not funded by either of the pro- legalization of the pro-medical marijuana side, or the government, but more independent studies like the columbia university work. we need more data. we need more information. before we pull down the fence, we have to understand why the fence was put up to begin with. and we just do not have that information. and i cannot see selling the next generation of kids down the street because we think it is the right thing to do. >> let's open this up to the audience. this will be more like can the garden that law school. those with their hands just politely of will be called on for spiritless car with this general man in the center here. -- will be called on first. let's start with this gentleman in the center here. >> i am hispanic, from mexico,
and very offended by that comment you made about are headed for it last month we had over 2 million mexicans peacefully protesting the atrocities happening in mexico over the drug war. the cartels to not get stronger because it inherited what ever you said, that spain treated as badly and therefore we're 5 for the cartels that strong for two recent united states stop immigration and started and forced harder places. so the cartels got rich from charging people and forcing them to become across the river. and that treated use showed his in the united states. if you want to stop those rate -- and that tree you showed is in the united states.
the guns killing people camp from the united states. the officer that sat late died in mexico couple months ago was killed by weapons supplied by the u.s. government to the cartels. please do not blame my country for the u.s. use of the drug. your appetite for drugs is killing my country. please illegalize this said that the deaths in my country stop. -- please legalize this so that the deaths in my country stop. [applause] >> i mean no disrespect but i'm glad you are offended because you need to stand up and speak up. more country in -- more people in your country need to stand up and speak up. they are being victimized. i am not saying that this was inherited from the colonial masters. this came from one of the major politicians in your country, who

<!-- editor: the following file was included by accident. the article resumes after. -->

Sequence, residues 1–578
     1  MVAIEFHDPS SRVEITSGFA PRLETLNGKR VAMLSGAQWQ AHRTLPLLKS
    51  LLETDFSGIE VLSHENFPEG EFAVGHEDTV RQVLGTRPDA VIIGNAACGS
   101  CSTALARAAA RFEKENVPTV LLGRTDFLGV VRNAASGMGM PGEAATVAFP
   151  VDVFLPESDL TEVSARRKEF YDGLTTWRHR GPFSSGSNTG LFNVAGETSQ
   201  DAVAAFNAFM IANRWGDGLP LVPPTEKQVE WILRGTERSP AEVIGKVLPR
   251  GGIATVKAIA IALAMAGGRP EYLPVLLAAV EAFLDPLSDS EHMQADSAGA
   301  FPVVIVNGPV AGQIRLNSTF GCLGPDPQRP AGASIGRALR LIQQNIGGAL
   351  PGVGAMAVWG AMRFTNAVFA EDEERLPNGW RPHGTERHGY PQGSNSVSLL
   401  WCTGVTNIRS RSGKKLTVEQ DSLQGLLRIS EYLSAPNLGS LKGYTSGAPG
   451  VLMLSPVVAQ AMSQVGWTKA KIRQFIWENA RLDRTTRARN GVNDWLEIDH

stated that in a public forum seminar in phoenix, arizona. he is one of the wealthy to wondered families. it was at candidate for the presidency of mexico. and he said that. that is his statement that he made. i want you to stand up. i am waiting for the people of mexico to be tired of what is going on. when it happens, we're going have a different dynamic in this drug situation. >> i spent a lot of time with mexican prosecutors. 15 western states have a usaid grant over five years to train prosecutors and investigators in mexico, because to their credit, they are trying to move an adversary system of government from the current system, mostly corrupt. i'm spending a lot of time of mexican prosecutors. they are incredibly frustrated
that the number of nguns coming from the united states. i personally believe this atf program, which i understand they're trying to get to higher levels, not well thought out program, but i have asked all the state attorney generals and the federal attorneys general where they think legalization of marijuana or even other drugs would bring a significant and it to the violence raging -- a significant end to the violence in mexico when the drug market dries up, they kidnap people. when they have a level of corruption, until we get meaningful changes in the mexican criminal justice system, it is a non-fire down there. they are in charge of the country and they will do whatever they needed it to make money. >> people oftentimes say that if
you legalize drugs, the gangsters will go to other businesses. but the fact of the matter is, they go to other businesses anyway. the number one thing you need to go into other businesses is capital. the number one source of capital in mexican cannes is the illegal drug business. -- and mexican -- in mexican cartels is the illegal drug business. the former president has said the legalization is the only way to go. its predecessor just joined the global commission on drug policy last month with the former ombia, and wecolumbia i ex need another way. the legalization of marijuana needs to be on the table.
a prosecutor in office may not agree with us. but privately you may hear a different story. >> is the gentleman will apply hack, can you come down here -- the gentle man with the white hat, can you come down here, please? >> this is for the enforcement officers here. >> i am retired. to get the retired enforcement officer, mime policy -- my apology barrett and me give you some personal and affirmation. and in his jerry. i am 39 and when i was 18 and had my entire colon removed. they gave me such high doses of prednisone, i became a diabetic.